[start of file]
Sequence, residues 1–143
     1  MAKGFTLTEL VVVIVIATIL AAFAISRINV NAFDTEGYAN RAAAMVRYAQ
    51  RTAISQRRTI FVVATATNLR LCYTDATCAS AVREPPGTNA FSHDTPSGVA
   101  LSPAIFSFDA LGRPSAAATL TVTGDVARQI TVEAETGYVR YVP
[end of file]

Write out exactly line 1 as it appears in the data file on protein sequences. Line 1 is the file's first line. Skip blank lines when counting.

Sequence, residues 1–143